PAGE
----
Grammar Question: Name of This Error?

It’s not a dangling participle, but it’s something odd and mismatched, and I’m sure it has a name…

“Her warm body nestled next to him, the bed was warm and comfortable.”

“Shining painfully brightly, he dragged himself over the sun-scorched desert.”

The sentence begins by talking about one thing, but jumps to another, often with amusing effect.

What is this blunder called?

First one looks like a comma splice.

These are called dangling modifiers. It’s the same sort of idea as a dangling particle, but with something other than a participle.

A comma splice has two full sentences joined together with a comma. The first one is not a comma splice, since the bit before the comma has no main verb.

You can construe “nestled” as a verb, surely?

A couple of my favorite dangling modifiers:
“Flying through the trees, I saw a bird.”
This one could be correct, but only if the subject “I” is Superman.

“Running to catch the train, my books fell.”
It would be great to have books capable of running to catch the train.

Here’s Purdue University’s Online Writing Lab on dangling modifiers:

And a list of examples
https://writing.wisc.edu/Handbook/CommonErrors_BestMod.html

My fault; I meant it adjectively. Anyway, dangling modifier is the answer, for which thank you most kindly!

(“The candelabra was held by Margot, all of the candles of which had gone out.”)

You can, yes, and in that case the construction would be a comma splice. I did not do that, I’m not sure why.*
[SUP]* Comma splice intended.[/SUP]

They kind of look like different things to me: the first one would be fine if it had an additional word, it’s just missing that connector; the second would need a lot more rebuilding.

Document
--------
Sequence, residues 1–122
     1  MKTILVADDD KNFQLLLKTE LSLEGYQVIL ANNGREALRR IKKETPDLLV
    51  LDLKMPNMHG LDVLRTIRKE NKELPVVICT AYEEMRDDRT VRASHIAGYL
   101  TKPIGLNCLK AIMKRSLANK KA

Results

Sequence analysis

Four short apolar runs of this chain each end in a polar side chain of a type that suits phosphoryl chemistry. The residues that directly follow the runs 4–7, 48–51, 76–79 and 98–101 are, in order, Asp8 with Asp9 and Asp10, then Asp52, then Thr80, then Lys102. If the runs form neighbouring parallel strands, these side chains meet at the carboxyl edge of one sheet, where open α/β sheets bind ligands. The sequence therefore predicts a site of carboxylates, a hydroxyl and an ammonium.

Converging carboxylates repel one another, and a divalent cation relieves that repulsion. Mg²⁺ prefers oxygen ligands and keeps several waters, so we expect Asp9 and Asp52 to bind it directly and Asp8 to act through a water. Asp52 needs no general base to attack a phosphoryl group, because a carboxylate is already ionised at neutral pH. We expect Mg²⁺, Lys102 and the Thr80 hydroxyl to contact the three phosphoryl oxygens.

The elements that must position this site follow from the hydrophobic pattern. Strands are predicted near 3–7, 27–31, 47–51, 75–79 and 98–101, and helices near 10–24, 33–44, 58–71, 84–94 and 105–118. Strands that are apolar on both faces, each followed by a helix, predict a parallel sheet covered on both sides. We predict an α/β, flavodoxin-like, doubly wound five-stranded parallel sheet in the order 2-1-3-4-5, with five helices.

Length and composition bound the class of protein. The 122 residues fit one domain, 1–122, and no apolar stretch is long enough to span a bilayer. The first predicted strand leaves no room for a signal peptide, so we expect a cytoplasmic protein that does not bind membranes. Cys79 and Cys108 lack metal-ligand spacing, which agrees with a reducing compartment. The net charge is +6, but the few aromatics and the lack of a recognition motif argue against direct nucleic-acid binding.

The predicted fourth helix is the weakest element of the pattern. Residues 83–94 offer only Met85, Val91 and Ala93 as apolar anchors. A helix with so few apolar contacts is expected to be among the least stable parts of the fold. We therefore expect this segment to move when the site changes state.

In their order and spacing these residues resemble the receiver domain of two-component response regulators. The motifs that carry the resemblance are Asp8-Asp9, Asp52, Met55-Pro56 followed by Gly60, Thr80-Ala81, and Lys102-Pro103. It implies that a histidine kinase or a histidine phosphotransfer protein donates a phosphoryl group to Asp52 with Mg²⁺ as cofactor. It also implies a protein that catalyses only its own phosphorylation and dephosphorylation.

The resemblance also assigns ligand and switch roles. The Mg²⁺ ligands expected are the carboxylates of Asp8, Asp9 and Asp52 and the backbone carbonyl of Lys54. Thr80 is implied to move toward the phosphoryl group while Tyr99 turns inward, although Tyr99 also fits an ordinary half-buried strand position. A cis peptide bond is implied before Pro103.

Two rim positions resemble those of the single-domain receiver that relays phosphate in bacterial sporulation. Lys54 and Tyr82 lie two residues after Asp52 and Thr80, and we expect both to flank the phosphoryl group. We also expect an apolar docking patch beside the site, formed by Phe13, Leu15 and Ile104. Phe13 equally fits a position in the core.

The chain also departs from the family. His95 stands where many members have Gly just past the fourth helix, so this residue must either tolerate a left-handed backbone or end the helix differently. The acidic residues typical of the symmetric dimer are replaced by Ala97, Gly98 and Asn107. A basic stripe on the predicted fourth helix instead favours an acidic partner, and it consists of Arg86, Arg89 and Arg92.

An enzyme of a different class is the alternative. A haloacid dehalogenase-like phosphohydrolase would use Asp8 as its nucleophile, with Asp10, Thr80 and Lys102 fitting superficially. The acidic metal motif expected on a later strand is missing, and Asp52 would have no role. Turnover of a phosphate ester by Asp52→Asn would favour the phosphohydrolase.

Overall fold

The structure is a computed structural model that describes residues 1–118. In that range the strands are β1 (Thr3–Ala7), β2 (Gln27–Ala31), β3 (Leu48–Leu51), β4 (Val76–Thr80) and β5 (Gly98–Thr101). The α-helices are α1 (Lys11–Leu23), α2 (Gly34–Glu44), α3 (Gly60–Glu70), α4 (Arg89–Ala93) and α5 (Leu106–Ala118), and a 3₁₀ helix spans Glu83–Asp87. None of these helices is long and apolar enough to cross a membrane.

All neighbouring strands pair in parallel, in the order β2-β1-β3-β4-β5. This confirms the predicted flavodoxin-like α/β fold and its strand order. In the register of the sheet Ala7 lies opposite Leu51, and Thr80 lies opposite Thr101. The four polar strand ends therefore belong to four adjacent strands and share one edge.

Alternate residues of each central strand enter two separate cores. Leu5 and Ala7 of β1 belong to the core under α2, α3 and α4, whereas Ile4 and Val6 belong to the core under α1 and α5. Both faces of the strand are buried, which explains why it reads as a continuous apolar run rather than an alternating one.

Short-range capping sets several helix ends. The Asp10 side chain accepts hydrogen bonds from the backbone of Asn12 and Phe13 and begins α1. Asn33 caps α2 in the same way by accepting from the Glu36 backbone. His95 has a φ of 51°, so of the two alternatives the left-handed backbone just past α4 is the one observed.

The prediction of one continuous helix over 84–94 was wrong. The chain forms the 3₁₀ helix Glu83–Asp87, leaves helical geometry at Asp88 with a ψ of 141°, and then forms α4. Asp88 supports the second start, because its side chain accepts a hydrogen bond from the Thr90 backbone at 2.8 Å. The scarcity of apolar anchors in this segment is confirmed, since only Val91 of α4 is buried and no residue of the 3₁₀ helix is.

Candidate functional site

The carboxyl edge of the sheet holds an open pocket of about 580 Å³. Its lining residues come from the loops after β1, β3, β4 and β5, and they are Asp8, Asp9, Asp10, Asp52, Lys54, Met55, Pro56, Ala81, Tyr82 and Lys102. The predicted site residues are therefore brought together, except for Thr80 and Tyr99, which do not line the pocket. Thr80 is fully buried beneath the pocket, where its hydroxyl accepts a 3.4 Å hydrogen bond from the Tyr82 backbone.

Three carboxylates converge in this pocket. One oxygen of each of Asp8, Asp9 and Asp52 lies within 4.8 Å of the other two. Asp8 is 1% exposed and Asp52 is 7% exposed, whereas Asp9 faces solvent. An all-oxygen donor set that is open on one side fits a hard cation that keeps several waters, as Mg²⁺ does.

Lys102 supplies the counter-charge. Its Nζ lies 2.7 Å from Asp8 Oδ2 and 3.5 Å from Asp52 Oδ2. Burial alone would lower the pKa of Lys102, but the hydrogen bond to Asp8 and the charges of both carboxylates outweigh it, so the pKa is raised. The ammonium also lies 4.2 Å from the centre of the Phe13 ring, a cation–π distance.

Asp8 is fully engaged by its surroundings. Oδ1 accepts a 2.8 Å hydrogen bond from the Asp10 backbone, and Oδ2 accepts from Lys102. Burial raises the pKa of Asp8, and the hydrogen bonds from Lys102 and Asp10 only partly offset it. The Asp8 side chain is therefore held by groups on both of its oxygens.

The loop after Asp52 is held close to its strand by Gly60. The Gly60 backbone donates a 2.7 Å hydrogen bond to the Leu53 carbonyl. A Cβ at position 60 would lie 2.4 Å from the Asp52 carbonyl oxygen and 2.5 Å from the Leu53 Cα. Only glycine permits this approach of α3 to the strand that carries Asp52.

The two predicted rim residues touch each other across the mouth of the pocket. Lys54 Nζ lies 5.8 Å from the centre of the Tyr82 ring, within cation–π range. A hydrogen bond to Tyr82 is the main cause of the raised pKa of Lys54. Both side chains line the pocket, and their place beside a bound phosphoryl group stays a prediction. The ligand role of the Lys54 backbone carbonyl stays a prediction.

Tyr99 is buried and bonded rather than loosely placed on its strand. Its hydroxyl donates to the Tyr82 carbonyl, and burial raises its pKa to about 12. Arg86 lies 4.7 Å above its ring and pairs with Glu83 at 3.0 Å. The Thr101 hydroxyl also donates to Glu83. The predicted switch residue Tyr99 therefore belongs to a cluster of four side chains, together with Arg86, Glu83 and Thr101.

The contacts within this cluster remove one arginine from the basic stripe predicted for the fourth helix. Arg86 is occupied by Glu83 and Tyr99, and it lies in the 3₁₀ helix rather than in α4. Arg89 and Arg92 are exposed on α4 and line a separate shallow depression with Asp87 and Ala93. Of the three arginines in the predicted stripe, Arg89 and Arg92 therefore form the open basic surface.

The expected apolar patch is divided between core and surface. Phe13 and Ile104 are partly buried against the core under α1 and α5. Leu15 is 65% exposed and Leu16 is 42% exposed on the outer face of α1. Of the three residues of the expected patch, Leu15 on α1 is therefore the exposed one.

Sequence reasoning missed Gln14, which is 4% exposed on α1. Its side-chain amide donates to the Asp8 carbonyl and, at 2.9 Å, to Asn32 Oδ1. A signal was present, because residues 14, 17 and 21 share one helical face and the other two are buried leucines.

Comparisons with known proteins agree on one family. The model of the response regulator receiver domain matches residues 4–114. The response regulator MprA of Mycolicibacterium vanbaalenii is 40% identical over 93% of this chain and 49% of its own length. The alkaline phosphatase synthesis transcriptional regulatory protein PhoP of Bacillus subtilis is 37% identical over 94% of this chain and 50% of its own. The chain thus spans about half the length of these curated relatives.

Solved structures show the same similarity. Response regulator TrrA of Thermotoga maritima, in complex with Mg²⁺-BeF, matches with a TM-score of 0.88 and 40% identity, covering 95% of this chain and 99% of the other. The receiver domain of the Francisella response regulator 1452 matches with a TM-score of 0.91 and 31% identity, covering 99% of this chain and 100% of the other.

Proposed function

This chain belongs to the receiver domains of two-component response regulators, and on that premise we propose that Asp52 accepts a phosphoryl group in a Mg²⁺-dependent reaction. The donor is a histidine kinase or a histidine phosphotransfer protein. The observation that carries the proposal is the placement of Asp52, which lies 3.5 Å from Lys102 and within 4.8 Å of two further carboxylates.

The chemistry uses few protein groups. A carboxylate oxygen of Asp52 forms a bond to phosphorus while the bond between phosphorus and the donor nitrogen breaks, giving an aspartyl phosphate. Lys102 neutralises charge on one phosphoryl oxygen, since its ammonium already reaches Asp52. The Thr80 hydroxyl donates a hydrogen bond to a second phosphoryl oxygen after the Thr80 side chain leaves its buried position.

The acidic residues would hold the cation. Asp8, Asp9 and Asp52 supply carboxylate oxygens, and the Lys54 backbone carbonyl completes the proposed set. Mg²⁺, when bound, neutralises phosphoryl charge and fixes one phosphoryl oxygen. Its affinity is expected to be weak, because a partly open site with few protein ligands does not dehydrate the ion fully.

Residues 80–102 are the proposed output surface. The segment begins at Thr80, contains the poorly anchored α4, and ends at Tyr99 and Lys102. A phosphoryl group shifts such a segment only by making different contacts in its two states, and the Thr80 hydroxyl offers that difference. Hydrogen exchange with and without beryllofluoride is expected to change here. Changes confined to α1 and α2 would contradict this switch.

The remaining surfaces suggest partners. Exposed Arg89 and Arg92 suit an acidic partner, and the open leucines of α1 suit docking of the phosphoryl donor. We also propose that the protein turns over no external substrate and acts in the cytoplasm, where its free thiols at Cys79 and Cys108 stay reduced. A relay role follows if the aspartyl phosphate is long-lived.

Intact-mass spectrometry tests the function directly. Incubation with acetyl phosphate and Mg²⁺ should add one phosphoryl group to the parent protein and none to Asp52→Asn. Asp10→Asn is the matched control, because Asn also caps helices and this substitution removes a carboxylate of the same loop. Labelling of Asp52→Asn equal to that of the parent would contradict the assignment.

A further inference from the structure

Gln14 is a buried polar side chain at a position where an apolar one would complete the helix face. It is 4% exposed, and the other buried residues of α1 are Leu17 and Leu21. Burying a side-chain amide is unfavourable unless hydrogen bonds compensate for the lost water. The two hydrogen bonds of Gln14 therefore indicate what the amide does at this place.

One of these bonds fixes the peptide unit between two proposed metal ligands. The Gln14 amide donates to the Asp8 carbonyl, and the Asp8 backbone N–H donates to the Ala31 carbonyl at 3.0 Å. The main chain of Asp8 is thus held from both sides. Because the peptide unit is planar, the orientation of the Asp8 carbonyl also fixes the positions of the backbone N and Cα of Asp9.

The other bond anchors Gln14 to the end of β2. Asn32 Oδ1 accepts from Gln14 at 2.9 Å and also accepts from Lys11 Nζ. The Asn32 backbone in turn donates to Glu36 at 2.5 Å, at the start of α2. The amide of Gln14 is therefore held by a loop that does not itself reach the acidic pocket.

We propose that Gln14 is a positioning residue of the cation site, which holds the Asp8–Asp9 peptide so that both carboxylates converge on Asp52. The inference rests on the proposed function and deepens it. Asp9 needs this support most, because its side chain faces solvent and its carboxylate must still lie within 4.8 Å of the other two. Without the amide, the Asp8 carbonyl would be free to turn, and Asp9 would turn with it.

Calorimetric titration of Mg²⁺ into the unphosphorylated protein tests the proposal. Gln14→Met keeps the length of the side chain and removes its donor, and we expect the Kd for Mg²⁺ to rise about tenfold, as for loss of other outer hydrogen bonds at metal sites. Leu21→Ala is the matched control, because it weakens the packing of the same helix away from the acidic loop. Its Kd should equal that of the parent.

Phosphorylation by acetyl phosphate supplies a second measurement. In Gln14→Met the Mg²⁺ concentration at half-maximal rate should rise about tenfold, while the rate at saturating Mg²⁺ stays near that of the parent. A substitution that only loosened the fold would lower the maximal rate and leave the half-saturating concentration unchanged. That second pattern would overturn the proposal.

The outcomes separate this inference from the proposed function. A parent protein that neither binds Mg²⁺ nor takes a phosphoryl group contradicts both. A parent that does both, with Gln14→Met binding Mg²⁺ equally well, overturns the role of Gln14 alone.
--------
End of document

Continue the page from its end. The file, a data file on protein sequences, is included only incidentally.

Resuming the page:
“With her [warm body] nestled next to him, the bed was warm and comfortable”. Warm body could be taken out (I’m hoping she happens to still be alive), but that’s not a matter of grammar.

Moving the “with” modifier to the front of the phrase emphasizes why the bed was now warm over the fact that it was.
Nestled is a verbal form, but if I’m reading the sentence correctly it’s a participle: an inactive form. If it was the past simple (which for this verb happens to match the participle), then it would be an active form.

Put a semicolon in place of the comma and it will be fine, except for the overuse of “warm”.

“Her warm body nestled next to him; the bed was soft and comfortable.”

This makes no sense:

“Shining painfully brightly, he dragged himself over the sun-scorched desert.”

“He” was shining?

These can often be unintentionally hilarious:

*I smelled the oysters coming down the stairs for dinner.

She handed out brownies to the children stored in tupperware.

I saw the dead dog driving down the interstate.

After drinking too much, the toilet kept moving. *

:smiley:

I grade a lot of developing wrong, and a comma splice is something I’m familiar with. Nestled is a verb.

Edit: As I now see others have pointed out!

For the first, the OP came back to say he intended “nestled” to be an adjective, not a verb. Otherwise, your correction would be correct.